January 2003: India reportedly places under its SFC two operational missile groups of the Indian Army, which possess the 150-250 km-range Prithvi and the 2,500 km-range Agni nuclear-capable ballistic missiles.
May 2003: India conducts the second launch of its GSLV, lifting a 1,800 kg experimental communications satellite. Unlike the first flight, when the GSLV’s Russian-made cryogenic upper stage burned out four seconds too soon, this launch occurred without incident. ISRO announces that once declared operational, the GSLV will “make the Indian space program a self reliant one.” This was part of the GSLV-Mark I and Mark II series.
May 2003: The Indian periodical Vayu announces that with the lifting of “restrictions imposed by collaborators,” India’s Bharat Dynamics Limited (BDL) has been cleared for missile exports. BDL manufactures a variety of missiles including the Prithvi-I and Prithvi-II surface-to-surface missiles.
August 2003: R. N. Agarwal, the former Director of the Agni missile project and currently the Director of the Advanced Systems Laboratory (ASL), states that the carbon composite content of the new Agni variants will be increased from 35 to 80 percent making them lighter and able travel longer distances. Agarwal says that the Agni’s re-entry heat shield is entirely made up of carbon composite.
October 2003: India clears the short-range Agni-I and medium-range Agni-II surface-to-surface missiles for the Army.
December 2003: Indian Defense sources indicate that the BrahMos cruise missile has been configured for launch from submarines. Submarine-to-surface launch is one of the four BrahMos designs, which are anticipated to include air-to-surface, ship-to-surface, and surface-to-surface. The missile was launched successfully from a surface ship and travelled 290 km to its target.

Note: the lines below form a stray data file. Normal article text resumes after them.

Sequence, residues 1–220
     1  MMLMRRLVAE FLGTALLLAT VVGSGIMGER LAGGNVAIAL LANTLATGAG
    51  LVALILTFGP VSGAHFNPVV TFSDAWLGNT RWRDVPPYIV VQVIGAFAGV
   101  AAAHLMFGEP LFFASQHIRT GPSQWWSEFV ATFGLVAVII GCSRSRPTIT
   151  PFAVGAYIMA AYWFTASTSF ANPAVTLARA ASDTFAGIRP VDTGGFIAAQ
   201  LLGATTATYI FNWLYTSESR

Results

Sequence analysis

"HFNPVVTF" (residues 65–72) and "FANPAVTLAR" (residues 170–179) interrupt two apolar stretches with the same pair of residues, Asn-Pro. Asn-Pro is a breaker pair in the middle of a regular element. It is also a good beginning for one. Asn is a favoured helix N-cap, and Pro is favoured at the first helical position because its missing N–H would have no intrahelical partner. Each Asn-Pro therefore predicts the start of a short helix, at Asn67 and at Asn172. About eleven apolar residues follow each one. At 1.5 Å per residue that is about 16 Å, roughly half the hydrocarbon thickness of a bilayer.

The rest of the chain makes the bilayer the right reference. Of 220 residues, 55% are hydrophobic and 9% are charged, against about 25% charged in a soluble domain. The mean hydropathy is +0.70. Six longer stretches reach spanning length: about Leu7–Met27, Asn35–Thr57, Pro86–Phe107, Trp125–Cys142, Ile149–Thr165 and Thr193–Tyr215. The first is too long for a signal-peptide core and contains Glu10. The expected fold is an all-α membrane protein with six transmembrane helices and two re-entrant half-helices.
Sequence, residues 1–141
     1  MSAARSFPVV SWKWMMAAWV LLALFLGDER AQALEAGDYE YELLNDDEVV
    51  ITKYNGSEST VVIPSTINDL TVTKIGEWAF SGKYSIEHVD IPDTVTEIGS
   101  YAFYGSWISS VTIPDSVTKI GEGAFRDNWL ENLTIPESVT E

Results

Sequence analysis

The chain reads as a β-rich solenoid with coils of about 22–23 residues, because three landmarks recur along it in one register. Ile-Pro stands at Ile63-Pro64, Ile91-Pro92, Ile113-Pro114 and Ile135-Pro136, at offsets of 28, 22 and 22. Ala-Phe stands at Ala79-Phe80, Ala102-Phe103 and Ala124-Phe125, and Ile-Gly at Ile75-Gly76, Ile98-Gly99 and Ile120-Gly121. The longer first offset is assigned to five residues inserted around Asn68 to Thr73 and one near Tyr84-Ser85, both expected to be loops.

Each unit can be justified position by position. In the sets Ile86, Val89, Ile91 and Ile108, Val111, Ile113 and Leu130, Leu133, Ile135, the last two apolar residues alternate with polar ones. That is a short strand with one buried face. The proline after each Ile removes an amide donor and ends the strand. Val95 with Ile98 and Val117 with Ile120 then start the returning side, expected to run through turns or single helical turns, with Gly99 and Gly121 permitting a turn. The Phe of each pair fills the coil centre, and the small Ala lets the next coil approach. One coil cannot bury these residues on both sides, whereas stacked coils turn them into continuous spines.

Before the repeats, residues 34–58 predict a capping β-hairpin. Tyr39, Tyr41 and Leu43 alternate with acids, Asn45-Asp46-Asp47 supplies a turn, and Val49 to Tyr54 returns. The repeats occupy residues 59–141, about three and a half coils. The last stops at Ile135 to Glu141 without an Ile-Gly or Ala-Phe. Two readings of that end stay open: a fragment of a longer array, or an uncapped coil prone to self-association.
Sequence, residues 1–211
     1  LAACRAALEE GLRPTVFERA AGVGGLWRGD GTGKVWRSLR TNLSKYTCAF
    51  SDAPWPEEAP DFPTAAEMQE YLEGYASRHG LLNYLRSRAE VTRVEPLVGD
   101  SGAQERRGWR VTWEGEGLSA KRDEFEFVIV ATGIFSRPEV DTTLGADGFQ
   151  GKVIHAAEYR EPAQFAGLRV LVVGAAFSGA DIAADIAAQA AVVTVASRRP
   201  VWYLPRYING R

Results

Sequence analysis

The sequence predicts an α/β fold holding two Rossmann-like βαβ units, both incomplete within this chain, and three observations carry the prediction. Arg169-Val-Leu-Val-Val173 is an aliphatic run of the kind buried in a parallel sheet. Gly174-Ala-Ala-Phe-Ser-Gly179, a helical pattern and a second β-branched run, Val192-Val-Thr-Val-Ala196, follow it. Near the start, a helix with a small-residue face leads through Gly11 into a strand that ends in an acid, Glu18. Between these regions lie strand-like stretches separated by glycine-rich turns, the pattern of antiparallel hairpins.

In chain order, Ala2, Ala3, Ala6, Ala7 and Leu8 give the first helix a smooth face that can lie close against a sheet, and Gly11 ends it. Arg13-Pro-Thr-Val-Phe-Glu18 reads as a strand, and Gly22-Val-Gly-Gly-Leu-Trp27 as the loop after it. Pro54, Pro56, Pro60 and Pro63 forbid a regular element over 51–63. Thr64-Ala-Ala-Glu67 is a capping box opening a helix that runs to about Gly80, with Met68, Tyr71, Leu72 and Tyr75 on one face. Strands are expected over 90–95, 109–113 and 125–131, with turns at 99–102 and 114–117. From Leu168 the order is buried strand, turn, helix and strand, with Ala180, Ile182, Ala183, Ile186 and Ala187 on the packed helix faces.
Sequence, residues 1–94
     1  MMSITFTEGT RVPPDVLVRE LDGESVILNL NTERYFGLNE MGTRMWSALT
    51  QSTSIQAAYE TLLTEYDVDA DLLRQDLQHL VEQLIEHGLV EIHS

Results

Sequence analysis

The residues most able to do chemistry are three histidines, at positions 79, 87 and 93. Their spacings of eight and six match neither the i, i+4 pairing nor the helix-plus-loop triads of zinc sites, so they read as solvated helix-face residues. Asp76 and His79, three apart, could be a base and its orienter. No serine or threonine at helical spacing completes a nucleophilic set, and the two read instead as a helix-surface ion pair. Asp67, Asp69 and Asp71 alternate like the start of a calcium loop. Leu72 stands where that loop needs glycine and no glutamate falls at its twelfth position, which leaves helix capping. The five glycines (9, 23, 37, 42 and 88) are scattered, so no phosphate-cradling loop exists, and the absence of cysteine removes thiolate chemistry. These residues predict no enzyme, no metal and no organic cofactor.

January 2004: India and the United States agree under the Next Steps in Strategic Partnership with India (NSSP) to expand cooperation in civilian nuclear programs, civilian space programs, and high-technology trade, including expanded dialogue on missile defense. This agreement initiates three major steps: removal of ISRO from the Department of Commerce Entity List, removal of export license requirements for items subject to Export Administration Regulations EAR99, and establishment of a presumption of approval for all items not controlled for nuclear proliferation reasons.
March 2004: India successfully test-fires an “improved” version of its Prithvi-II surface-to-surface ballistic missile with an extended-range of 250 km and “much higher accuracy,” according to a defense ministry official.
September 2004: India conducts the first operational flight of its GSLV, lifting a 1,950 kg spacecraft. This was part of the GSLV-Mark I and II series.
October 2004: India conducts a launch of its single-stage, Prithvi-III missile.
November 2004: India successfully test-fires the 350 km-range Dhanush missile, marking the induction of the system into the Navy.
December 2004: The Russian Federal Space Agency says that it will continue cooperation with India in the development of an oxygen-hydrogen booster for space rockets.
December 2004: India and Russia sign 10 agreements on space, defense, and aviation, including an agreement to jointly cooperate on satellite manufacture and launch under the Russian Global Navigation Satellite System (GLONASS). Russia’s Federal Space Agency head, Anatoly Perminov, states that India’s military use of the GLONASS system, which could help improve the accuracy of Indian missiles, has not been ruled out.
February 2005: President A.P.J. Abdul Kalam states before Parliament that the BrahMos missile “has been successfully tested … and is ready for induction” into India’s military.
May 2005: ISRO’s four-stage solid and liquid propellant PSLV-C6 successfully propelled two satellites into polar sun synchronous orbit. The Spacecraft Control Centre of ISTRAC at Bangalore will continuously monitor the CARTOSAT-1, which is a cartographic satellite mounted with two cameras with 2.5 meter spatial resolution and 30 km coverage, and the HAMSAT, which is a micro-satellite intended for radio transmission.
May 2005: India’s Rajya Sabha, the upper house of Parliament, passes the Weapons of Mass Destruction and Their Delivery Systems (Prohibition of Unlawful Activities) Bill, which bans proliferation of mass destruction weapon and missile technology.
May 2005: India has reportedly added the short-range Agni-I and intermediate-range Agni-II to its Strategic Forces Command arsenal.
May 2005: Agni program director, Dr. R. N. Agarwal says that the Agni-III, India’s long-range ballistic missile designed to be capable of hitting targets 3,000 to 3,500 km away, will be ready for flight testing by the end of 2005.